Please understand that I do not speak only of a commitment to the Church and its activities, although that always needs to be strengthened. No, I speak more specifically of a commitment that is shown in our individual behavior, in our personal integrity, in our loyalty to home and family and community, as well as to the Church. Of course, all of these loyalties are interrelated and closely linked because it is the teaching and example of the Lord Jesus Christ that shapes our behavior and forms our character in all areas of our life—personally, within the home, in our professions and community life, as well as in our devotion to the Church that bears his name.
“Loyalty to home and family and community, as well as to the Church.” I’m worried about my ward. I’m worried about my town. I’m worried about my country. I’m worried about my family. These worries are not separate and independent. They are part of the same concern.
The ability to stand by one’s principles, to live with integrity and faith according to one’s belief—that is what matters, that is the difference between a contribution and a commitment. That devotion to true principle—in our individual lives, in our homes and families, and in all places where we meet and influence other people—that devotion is what God is ultimately requesting of us.
This week I feel that call. And I want to respond. Not with a contribution, but with a commitment.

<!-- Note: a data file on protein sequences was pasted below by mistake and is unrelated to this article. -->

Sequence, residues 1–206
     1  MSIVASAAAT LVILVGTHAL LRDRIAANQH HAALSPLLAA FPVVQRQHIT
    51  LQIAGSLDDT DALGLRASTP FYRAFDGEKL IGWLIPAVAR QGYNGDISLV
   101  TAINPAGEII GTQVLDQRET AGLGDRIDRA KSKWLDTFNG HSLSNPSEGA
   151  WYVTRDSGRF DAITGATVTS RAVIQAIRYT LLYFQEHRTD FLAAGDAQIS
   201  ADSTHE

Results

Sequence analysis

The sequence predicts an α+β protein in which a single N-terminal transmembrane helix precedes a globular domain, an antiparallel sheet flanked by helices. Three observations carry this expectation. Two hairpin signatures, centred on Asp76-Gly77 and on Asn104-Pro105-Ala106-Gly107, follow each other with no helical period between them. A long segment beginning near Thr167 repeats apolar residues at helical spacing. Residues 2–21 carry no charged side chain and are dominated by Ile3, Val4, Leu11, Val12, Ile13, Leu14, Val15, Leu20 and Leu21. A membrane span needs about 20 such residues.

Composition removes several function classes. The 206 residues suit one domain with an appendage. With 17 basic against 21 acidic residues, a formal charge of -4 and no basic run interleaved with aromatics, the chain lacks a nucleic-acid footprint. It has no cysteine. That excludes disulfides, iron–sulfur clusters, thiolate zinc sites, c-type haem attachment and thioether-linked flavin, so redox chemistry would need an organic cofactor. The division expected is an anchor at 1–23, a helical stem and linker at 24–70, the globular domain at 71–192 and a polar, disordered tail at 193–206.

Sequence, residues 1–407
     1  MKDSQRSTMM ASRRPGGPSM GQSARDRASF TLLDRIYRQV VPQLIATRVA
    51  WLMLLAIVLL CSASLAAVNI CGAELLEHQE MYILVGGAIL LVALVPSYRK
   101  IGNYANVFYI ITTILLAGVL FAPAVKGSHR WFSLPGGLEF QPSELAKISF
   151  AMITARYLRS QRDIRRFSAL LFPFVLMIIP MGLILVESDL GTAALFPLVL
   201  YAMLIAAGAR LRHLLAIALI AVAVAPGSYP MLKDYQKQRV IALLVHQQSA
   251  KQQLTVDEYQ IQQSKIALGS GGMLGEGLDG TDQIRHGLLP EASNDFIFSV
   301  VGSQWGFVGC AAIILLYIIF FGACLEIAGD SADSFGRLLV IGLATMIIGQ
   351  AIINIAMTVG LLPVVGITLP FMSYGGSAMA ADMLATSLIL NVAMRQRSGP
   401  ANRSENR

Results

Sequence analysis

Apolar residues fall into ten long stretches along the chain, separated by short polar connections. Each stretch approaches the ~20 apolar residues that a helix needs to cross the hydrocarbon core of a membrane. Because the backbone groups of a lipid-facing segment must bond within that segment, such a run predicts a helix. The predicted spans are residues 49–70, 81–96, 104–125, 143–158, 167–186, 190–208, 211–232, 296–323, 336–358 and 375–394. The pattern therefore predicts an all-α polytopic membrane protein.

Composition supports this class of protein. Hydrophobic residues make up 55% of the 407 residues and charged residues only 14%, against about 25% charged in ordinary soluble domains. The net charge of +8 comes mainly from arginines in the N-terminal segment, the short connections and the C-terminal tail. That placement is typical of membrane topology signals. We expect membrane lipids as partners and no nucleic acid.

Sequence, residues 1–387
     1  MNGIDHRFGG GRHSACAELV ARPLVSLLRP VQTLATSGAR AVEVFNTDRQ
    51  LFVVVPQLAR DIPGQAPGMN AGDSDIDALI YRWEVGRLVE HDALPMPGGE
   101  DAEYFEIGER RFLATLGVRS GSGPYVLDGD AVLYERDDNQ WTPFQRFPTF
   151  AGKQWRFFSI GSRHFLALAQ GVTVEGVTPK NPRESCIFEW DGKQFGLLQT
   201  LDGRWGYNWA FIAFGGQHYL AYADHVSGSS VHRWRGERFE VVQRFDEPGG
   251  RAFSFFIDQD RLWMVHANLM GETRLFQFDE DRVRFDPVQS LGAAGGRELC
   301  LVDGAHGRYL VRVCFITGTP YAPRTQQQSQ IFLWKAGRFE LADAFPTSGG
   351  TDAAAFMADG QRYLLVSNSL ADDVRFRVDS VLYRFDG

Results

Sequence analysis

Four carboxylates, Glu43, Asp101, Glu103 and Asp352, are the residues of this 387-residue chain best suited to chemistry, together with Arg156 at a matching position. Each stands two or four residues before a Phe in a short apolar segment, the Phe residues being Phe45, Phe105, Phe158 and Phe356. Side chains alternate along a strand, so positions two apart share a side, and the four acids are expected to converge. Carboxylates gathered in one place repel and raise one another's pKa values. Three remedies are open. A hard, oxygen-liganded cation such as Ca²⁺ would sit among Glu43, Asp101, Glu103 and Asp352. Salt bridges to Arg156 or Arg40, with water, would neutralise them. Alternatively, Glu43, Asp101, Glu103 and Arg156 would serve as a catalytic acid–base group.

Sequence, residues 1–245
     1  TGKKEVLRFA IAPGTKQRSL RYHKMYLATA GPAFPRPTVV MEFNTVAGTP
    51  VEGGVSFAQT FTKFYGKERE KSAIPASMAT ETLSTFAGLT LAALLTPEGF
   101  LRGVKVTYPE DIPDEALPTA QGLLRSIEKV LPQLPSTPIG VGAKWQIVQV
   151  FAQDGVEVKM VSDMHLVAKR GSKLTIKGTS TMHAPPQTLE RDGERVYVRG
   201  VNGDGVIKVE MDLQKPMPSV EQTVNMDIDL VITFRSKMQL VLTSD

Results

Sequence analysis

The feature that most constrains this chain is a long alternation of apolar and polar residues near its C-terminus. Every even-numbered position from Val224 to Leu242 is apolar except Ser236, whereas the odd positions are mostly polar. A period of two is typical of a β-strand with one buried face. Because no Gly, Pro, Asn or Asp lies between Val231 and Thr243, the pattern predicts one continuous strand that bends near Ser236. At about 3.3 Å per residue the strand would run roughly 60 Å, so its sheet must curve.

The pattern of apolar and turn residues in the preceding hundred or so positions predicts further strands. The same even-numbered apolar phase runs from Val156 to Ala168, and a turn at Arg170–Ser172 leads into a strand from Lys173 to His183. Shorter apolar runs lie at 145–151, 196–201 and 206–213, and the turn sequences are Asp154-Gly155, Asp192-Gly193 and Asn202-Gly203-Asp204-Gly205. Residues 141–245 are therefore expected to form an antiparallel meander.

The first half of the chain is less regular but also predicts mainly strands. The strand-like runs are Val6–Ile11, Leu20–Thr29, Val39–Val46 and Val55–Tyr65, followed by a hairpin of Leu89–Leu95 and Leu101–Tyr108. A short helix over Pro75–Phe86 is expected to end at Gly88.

There’s no melodramatic crescendo to this post. No big life change. I just decided not to play video games this evening. (I play some this afternoon, to be honest.) Instead, I wrote this post. I’m going to try and writer a few more before it’s time to read scriptures with my kids and get ready to go to bed.
Tomorrow morning, I will try to do some more. I don’t expect any great consequence. That’s not really the point. We all have our talents. We all have our callings. Mine is to write, I think. And so that’s what I’ll do. At the very least, no matter what else, I will know that I’ve set aside my time and talents and efforts to try and do my best to reflect back a little of God’s glory in these dark times, no matter the size of my mirror.
If I do that, I cannot fail.
A successful life, the good life, the righteous Christian life requires something more than a contribution, though every contribution is valuable. Ultimately it requires commitment—whole souled, deeply held, eternally cherished commitment to the principles we know to be true in the commandments God has given. We need such loyalty to the Church, but that must immediately be interpreted as a loyalty in our personal habits and behavior, integrity in the wider community and marketplace, and—for the future’s sake—devotion and character in our marriages and homes and families.
Other posts from this week’s General Conference Odyssey: